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This Eden by Ed O’Loughlin: Gripping narrative and big ideas

Book review: Declan Burke on a glorious blend of spy novel and speculative fiction

This Eden
This Eden
Author: Ed O’Loughlin
ISBN-13: 978-1529412857
Publisher: riverrun
Guideline Price: £16.99

Expect, if possible, the unexpected. Ed O’Loughlin’s debut novel, Not Untrue & Not Unkind (2009), was a sobering exploration of genocide in Africa. Toploader (2011) was a darkly comic novel set in a surreal war zone. Minds of Winter (2016) was a time-bending epic of Arctic exploration.

Naturally, O’Loughlin’s latest, This Eden, has little in common with its predecessors. Narrated by an omniscient “we” – who seem to have access to every digital fingerprint ever recorded – the story opens in Vancouver, where a romance between Michael and Alice is turning sour. A student struggling to cope with the demands of his engineering course, Michael has little interest in Alice’s interlinked passions for climate change, social justice and encryption (“She would spend her life hunting down rabbit holes”).

When Alice disappears, having presumably taken her own life, the distraught Michael finds himself sucked into a vast conspiracy that appears to be orchestrated by the amiable billionaire Campbell Fess of Inscape Technologies, a Silicon Valley titan with the kind of ambition that leaves Auric Goldfinger, say, in the ha’penny place.

O’Loughlin opens This Eden with Ian Fleming’s celebrated once-is-coincidence line from Goldfinger, but the novel, while employing some of the tropes of the classic spy thriller, has far more in common with some of the novels Michael picks up on his globe-trotting adventures, which include offerings from William Gibson, Philip K Dick, Margaret Atwood, Thomas Pynchon and Flann O’Brien.


As he tries to make sense of the surreal, futuristic version of the modern world in which he finds himself, the bewildered Michael trots along behind the shadowy intelligence operatives Towse and Aoife as they flit from California to Uganda, Paris and Dublin, gradually peeling back layers of reality until they hit paydirt with the “God Algorithm, a technology that will allow those who control the new artificial intelligence . . . to reverse-engineer a consciousness from the data it produces”.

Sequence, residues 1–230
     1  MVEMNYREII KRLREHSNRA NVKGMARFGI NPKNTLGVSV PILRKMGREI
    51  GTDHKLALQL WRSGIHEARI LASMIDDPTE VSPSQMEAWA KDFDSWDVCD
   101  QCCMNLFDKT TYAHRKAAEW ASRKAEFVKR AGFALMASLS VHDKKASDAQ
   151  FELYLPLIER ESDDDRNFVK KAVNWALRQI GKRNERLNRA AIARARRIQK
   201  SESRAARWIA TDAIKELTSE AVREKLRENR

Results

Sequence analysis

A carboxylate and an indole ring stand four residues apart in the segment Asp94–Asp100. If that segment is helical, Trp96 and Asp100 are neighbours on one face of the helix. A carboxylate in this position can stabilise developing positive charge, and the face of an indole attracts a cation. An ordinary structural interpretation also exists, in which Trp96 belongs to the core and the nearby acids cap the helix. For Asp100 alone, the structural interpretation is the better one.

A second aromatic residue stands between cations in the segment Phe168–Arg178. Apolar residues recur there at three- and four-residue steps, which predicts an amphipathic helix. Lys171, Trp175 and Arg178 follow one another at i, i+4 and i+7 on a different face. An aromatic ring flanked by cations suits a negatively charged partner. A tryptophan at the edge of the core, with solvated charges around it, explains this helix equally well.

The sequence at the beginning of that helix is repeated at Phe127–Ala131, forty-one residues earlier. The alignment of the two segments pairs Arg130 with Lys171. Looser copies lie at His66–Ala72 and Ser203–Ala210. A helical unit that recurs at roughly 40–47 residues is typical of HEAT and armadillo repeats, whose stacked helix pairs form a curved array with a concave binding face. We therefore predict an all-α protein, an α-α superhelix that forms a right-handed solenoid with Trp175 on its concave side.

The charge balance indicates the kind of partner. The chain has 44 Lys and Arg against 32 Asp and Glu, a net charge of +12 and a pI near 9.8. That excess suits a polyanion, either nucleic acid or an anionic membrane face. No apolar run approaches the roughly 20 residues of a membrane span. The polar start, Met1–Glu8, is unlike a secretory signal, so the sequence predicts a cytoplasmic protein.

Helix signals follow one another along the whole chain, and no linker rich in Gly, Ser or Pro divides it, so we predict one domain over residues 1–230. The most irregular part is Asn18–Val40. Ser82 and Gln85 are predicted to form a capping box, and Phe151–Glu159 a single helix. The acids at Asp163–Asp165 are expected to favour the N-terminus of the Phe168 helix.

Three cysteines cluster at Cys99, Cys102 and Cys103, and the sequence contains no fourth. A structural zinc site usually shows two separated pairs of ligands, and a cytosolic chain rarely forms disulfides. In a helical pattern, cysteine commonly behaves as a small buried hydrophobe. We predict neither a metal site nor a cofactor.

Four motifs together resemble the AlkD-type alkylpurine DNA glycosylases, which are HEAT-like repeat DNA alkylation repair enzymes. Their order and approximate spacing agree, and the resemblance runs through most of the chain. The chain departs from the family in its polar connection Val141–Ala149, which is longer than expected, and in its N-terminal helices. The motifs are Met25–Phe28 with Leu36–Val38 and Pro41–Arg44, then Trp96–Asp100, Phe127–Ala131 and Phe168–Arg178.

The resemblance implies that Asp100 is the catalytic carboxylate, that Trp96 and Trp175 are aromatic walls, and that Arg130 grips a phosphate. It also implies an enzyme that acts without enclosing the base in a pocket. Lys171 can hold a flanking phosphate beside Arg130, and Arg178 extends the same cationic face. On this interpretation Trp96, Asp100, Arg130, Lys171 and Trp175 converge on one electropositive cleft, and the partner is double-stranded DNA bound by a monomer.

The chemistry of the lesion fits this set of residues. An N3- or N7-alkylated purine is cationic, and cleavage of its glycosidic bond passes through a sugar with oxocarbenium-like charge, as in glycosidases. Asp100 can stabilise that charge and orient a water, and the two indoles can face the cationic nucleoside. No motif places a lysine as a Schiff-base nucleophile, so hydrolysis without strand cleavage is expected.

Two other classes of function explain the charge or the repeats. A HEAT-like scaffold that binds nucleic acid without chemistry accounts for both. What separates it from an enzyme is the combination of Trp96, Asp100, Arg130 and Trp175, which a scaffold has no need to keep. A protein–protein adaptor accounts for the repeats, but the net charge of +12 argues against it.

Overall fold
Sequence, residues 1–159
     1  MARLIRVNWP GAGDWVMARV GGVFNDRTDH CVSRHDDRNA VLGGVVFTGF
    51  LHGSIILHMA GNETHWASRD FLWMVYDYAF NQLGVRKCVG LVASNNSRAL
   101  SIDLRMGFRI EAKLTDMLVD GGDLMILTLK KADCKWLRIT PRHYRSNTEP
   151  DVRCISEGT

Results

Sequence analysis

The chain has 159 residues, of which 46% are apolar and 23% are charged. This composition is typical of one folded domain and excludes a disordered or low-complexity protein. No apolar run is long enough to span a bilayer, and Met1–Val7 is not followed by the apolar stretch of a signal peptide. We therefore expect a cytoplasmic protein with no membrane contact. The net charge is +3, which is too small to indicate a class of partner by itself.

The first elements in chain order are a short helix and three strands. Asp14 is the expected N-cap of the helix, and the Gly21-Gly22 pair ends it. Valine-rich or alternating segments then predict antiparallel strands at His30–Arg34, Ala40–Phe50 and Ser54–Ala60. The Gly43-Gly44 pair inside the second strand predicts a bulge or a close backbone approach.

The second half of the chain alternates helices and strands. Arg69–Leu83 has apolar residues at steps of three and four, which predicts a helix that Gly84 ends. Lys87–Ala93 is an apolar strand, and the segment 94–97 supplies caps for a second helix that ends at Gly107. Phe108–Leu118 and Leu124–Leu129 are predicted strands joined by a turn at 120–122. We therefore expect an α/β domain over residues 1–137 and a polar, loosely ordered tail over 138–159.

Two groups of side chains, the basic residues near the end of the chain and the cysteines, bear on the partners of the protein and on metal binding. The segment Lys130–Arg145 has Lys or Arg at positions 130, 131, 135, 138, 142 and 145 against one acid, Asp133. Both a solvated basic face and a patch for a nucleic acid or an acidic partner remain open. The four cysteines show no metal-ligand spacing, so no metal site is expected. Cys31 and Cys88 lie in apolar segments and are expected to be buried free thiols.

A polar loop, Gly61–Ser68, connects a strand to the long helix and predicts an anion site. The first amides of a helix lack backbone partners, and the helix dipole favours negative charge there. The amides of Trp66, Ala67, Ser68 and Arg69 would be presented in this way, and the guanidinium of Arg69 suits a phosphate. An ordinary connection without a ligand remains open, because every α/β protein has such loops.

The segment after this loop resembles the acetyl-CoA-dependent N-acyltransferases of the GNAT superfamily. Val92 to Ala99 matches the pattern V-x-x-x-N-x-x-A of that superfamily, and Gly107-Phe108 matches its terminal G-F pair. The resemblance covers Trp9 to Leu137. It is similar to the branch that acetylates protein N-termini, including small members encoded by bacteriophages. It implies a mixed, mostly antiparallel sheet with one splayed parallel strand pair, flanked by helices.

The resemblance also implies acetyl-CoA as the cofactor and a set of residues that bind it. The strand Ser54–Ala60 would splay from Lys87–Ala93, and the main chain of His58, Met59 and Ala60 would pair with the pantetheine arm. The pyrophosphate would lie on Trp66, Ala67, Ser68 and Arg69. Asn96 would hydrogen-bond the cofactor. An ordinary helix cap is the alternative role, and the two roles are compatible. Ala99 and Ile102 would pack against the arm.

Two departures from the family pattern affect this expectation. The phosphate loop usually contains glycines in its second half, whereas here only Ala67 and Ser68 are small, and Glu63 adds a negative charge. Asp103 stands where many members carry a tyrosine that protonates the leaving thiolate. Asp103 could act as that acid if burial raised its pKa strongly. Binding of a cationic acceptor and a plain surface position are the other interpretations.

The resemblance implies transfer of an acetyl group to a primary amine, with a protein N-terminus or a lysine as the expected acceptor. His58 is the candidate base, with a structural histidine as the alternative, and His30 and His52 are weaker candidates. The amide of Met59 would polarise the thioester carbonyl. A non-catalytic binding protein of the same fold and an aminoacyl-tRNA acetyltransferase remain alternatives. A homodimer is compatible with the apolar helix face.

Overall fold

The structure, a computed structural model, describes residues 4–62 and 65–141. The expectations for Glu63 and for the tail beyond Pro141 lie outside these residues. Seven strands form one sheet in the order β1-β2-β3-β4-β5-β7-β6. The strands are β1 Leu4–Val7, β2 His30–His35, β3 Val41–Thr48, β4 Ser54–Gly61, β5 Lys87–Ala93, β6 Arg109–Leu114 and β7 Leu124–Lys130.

O’Loughlin’s Minds of Winter was one of the most inventive, challenging and entertaining novels of recent times, and This Eden is similarly a blend of gripping narrative and big ideas. Delivered in the laconic tone of a disembodied, almost disinterested, omniscient narrator, the novel is a darkly humorous mix of cutting-edge technology and old-fashioned greed, in which “the weaponising of quantum computing” threatens to establish a single financial entity (OmniCent) as a Big Brother for the 21st century.

Michael, Aoife and Towse represent the spear-tip of the “resistance”: by going off-grid, using only cash and analogue peer-to-peer connections (ie, human interactions), the plucky trio slip through the cracks in the Brave New World of wall-to-wall, 24/7 digital surveillance. Still, even as they dodge from one country to another by employing yet another devilishly clever wheeze, the reader can’t help but wonder what it might mean for the success of their mission that the all-seeing narrators are with them every step of the way as they mine the world’s digital database with apparent impunity.

Running through it all is a seam of hardboiled cynicism that Fleming’s James Bond – a state-sponsored assassin, after all, rather than a spy – might have been proud of. The wars of the future, Towse tells Michael, are being waged right now: “Viruses and cyberattacks and hacking and all the rest of it – psy-ops, election theft, fake news, mass surveillance, truth suppression, asymmetric conflict, gas-lighting. Nowadays, bullets and bombs are only an afterthought.”

The result is a glorious blend of spy novel and speculative fiction, the kind of book that sends the reader tumbling down rabbit holes to explore surreal scenarios that are chillingly plausible, all the while defiantly refusing to accept “the biggest lie of all, which is that nothing is real or true, so nothing really matters, that things have to be this way, and there’s nothing we can do”.

Declan Burke is an author and journalist. His latest novel is The Lammisters (No Alibis Press)

Declan Burke

Declan Burke

Declan Burke, a contributor to The Irish Times, is a novelist and critic